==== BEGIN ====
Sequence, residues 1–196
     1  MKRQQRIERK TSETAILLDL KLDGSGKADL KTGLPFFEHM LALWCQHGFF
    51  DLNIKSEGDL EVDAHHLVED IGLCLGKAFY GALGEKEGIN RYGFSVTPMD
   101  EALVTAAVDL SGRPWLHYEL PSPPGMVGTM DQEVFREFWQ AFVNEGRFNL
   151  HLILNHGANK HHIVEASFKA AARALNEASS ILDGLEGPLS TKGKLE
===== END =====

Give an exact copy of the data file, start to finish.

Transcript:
Sequence, residues 1–196
     1  MKRQQRIERK TSETAILLDL KLDGSGKADL KTGLPFFEHM LALWCQHGFF
    51  DLNIKSEGDL EVDAHHLVED IGLCLGKAFY GALGEKEGIN RYGFSVTPMD
   101  EALVTAAVDL SGRPWLHYEL PSPPGMVGTM DQEVFREFWQ AFVNEGRFNL
   151  HLILNHGANK HHIVEASFKA AARALNEASS ILDGLEGPLS TKGKLE